The Power of Self-Kindness in Advocacy: Shahroo Izadi
In the relentless pursuit of advocating for others, it’s all too easy to neglect the one person who champions the cause day in and day out – yourself!
As advocates, we are steadfast in our commitment to driving positive change, often pouring our hearts and souls into the issues we champion. Yet, amidst the passion of our advocacy, the importance of safeguarding our mental wellbeing can inadvertently take a back seat…
Just like the causes we champion, our mental health requires dedicated attention and care. In November, we once again teamed up with Behavioural Change Specialist, Shahroo Izadi, to share some simple and actionable practices for these often hard-to-grasp and seemingly abstract concepts of self-care and mental health to incorporate into your day-to-day as an individual who works in advocacy.
Here is a rundown of what our weekly sessions dove into:
The Power of Self-Kindness in Advocacy
We all go through difficult periods when it comes to our mental health and wellbeing. And we can probably all remember a time when we’ve supported someone else who was struggling. But how did you support them? How did you speak to them and what words did you use?
Shahroo reminds us that it’s about time we all showed ourselves the same kindness that we show our colleagues or friends when facing these struggles. Essentially, we need to close the gap between how we treat others and how we treat ourselves.
“Don’t make yourself an exception. You deserve kindness too.”
Setting boundaries can be a huge challenge—especially for women. Even more so for women working in the nonprofit sector, where we feel we have a moral obligation to surrender completely to our work commitments…
We all need to learn the art of saying no. Self-preservation is critical to being able to make an impact and help people long-term. We have to put on our own oxygen mask first. Otherwise, we simply burn out, which is no help to anyone.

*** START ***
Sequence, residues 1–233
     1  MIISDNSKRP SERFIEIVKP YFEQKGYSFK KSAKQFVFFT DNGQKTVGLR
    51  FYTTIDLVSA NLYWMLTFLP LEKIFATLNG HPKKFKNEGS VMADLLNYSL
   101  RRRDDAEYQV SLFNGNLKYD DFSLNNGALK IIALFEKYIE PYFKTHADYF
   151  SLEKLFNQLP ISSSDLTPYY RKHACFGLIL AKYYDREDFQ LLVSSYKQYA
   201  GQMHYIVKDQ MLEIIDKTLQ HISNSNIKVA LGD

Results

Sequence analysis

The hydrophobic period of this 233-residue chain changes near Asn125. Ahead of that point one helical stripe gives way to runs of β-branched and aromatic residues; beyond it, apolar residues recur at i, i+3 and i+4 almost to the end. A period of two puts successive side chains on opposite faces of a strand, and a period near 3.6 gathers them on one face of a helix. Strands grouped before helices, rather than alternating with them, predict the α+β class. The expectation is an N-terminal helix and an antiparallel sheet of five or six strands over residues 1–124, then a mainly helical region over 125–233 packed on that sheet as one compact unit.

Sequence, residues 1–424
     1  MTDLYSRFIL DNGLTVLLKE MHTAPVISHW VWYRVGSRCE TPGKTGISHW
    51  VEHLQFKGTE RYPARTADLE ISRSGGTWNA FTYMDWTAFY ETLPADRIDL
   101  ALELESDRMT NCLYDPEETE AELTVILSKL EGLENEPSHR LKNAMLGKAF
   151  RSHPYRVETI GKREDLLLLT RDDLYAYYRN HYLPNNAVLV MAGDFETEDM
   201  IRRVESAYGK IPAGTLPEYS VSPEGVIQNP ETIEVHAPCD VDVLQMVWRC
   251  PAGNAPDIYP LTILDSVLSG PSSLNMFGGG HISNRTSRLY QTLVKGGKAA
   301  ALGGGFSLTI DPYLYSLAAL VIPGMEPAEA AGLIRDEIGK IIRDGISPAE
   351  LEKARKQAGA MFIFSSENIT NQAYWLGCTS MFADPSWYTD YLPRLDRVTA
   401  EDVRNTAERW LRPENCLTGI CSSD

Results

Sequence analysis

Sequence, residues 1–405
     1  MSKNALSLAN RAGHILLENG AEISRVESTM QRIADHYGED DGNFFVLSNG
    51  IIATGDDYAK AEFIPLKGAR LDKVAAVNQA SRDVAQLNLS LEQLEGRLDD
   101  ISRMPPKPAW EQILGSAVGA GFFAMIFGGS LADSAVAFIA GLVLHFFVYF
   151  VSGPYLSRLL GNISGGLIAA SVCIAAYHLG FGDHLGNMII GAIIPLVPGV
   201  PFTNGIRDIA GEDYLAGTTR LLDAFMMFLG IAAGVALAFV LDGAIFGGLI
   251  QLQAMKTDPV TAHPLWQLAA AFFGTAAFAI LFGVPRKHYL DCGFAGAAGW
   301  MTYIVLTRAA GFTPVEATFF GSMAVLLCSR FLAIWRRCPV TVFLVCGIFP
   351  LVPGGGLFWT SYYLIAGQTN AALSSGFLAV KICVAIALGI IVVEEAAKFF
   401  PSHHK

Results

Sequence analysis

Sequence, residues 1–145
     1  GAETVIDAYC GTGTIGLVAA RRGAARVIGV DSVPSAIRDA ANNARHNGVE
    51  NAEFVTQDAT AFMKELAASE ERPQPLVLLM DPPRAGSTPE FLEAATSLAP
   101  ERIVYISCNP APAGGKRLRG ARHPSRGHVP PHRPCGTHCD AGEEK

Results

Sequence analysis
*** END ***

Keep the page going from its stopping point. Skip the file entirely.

Embracing Change with Kindness
When we go through the inevitable setbacks and disappointments that come with working in this sector, our response is often to jump back in immediately.
We think this will help us to cope or that we owe it to our work to get straight back on the horse in a desperate attempt to rectify whatever didn’t go to plan…
However, this means we neglect to soothe and heal the part of us that is heartbroken at the injustice. We are allowed to be upset and complain. And we are allowed to take a break to reset and ensure that when we get back to action, we do so with restored energy and motivation!
Being Selfish in order to be Selfless
Last but certainly not least, we all know that working in this sector requires being calm, consistent, and resilient. But often, this comes at a cost…
In order to continue to show up and contribute to the causes we work on and ultimately help other people, we must ensure that our own needs are met first.
Self-care is not selfish! In fact, it is essential if we are to be the caring, compassionate humans that we want to be.
How do you ensure you take care of yourself so that you can show up at work with a full cup?
What could you do better?
Some Final Thoughts
To conclude, in the realm of advocacy, where passion fuels our pursuits, it’s crucial to acknowledge that the strength of our impact is inherently tied to the wellbeing of the advocate.
As we navigate the intricate web of causes and campaigns, let us remember the profound influence of a rested mind, a nurtured spirit, and a cared-for body and soul.
Caring for our mental health isn’t a luxury; it’s a strategic necessity. In fostering a culture that prioritises the mental well-being of advocates, we fortify the foundation upon which transformative change is built.
So, let this serve as an unwavering call to action: commit to the advocacy of self, recognising that in cultivating a healthy mind, we not only enhance our own capabilities but also empower our advocacy to reach unprecedented heights.
Together, let us champion a future where the wellbeing of advocates stands as an integral part of the broader narrative of positive change.
By the Women in Dev Team in Collaboration with Shahroo Izadi.